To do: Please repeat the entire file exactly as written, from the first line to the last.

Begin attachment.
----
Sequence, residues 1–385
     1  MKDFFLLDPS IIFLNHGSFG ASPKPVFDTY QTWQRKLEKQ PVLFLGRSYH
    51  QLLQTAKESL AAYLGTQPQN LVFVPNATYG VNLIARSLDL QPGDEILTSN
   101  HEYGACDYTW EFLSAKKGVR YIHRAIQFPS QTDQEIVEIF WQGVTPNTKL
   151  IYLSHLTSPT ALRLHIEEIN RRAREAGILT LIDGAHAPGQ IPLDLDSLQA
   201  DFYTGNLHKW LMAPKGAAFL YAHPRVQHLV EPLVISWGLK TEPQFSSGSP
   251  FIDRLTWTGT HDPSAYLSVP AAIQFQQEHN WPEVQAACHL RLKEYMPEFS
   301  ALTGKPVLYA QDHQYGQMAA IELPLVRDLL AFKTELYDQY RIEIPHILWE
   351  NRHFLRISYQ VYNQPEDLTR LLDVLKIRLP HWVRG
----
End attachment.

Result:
Sequence, residues 1–385
     1  MKDFFLLDPS IIFLNHGSFG ASPKPVFDTY QTWQRKLEKQ PVLFLGRSYH
    51  QLLQTAKESL AAYLGTQPQN LVFVPNATYG VNLIARSLDL QPGDEILTSN
   101  HEYGACDYTW EFLSAKKGVR YIHRAIQFPS QTDQEIVEIF WQGVTPNTKL
   151  IYLSHLTSPT ALRLHIEEIN RRAREAGILT LIDGAHAPGQ IPLDLDSLQA
   201  DFYTGNLHKW LMAPKGAAFL YAHPRVQHLV EPLVISWGLK TEPQFSSGSP
   251  FIDRLTWTGT HDPSAYLSVP AAIQFQQEHN WPEVQAACHL RLKEYMPEFS
   301  ALTGKPVLYA QDHQYGQMAA IELPLVRDLL AFKTELYDQY RIEIPHILWE
   351  NRHFLRISYQ VYNQPEDLTR LLDVLKIRLP HWVRG